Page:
Holding the top end of the tube enabled me to steady the exhaust pipes while cutting with a fine junior hacksaw blade. A metal pipe might be better and I did need a bit of help with a pair of snipe-nosed pliers towards the end.
The cutting height worked out at 71mm, (not 72 as in the Lady Anne instructions – maybe I measured it wrong). The clamp squeezed the pipe a little but the arrangement worked:
The pipes were cleaned up by inserting a flat swiss file down the stack, and then through the smokebox door hole.
While cleaning up the pipes I found it useful to try each pipe in turn in the holes in the chuffer fitting, by rotating the chuffer through 180 degrees:
Terry has now added the following note:
A better method than using a clamp would be to drill through the tube and insert a piece of rod (or the drill that you used) to form a cross-piece that would sit on top of the stack.(Make sure that the 71mm dimension is correct)
You can see Terry's loco in action here at the bottom of Video Page 6
Lindsay Newton followed the notes on this page - and here are his own notes and photos - in his own special Pine Tree Junction style!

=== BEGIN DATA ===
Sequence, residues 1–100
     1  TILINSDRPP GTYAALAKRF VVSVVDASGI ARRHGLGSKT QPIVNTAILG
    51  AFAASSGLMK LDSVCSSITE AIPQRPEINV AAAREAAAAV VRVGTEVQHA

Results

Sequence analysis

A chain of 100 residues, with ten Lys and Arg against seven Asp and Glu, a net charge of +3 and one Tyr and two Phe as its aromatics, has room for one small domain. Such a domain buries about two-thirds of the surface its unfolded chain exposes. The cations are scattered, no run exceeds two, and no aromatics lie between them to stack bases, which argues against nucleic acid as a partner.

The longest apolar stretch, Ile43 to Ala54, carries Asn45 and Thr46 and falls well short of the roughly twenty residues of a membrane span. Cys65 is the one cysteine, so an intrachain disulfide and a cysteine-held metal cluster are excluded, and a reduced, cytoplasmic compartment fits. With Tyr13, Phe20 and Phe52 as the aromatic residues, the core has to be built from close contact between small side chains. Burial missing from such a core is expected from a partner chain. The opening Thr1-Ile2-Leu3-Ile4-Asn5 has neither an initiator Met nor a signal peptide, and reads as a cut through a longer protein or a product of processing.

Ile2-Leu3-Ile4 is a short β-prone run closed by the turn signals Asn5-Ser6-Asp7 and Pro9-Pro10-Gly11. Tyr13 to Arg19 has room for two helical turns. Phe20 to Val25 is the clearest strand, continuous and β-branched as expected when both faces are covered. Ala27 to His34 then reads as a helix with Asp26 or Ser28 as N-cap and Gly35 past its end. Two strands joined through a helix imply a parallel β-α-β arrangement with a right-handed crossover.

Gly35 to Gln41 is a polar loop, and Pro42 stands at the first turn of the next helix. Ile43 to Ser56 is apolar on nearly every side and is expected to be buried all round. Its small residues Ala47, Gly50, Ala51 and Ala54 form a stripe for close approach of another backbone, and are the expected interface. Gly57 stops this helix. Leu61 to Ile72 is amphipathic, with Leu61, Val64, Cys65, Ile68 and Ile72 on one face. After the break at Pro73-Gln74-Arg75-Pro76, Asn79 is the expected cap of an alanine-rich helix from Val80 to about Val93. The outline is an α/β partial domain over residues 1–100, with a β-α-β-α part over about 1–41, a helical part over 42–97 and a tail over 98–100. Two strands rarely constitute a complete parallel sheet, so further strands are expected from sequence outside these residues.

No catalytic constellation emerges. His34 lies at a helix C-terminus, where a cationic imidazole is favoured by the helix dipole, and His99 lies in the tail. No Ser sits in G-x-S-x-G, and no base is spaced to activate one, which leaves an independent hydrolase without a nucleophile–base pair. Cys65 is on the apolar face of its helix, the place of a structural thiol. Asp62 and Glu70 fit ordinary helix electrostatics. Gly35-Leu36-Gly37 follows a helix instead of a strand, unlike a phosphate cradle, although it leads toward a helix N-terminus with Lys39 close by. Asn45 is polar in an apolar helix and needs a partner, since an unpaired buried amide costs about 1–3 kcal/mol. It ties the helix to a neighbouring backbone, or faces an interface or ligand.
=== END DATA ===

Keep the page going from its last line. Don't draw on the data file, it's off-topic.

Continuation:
"I followed Ken's and Terry's instructions from the Summerland Chuffer website and found it much easier than I expected. I had successfully fitted a Summerlands Chuffer to our Roundhouse Jack Special Edition and our Silver Lady, but was full of fear and trepidation at tackling our magnificent Sandy River. I don’t mind taking a hacksaw to most things, but our Sandy River is something very special. After the dramatic transformation that a chuffer made to Jack and Silver Lady, Sandy River was sounding very deficient in the sound department so the deed had to be done! With my printed page beside me, and some email encouragement from Chris Bird, I assembled the tools and in true Pine Tree Junction style, brought the camera along as well. If I was going to mess this up, I would need photographic evidence! Anyway, all went well and I successfully fitted the Summerlands Chuffer to Sandy River without any problem at all. What a fantastic sound she now makes. You can check this out for yourself by clicking the video below. Many thanks Chris and Nigel for inventing a great little addition to our superb Roundhouse locomotives!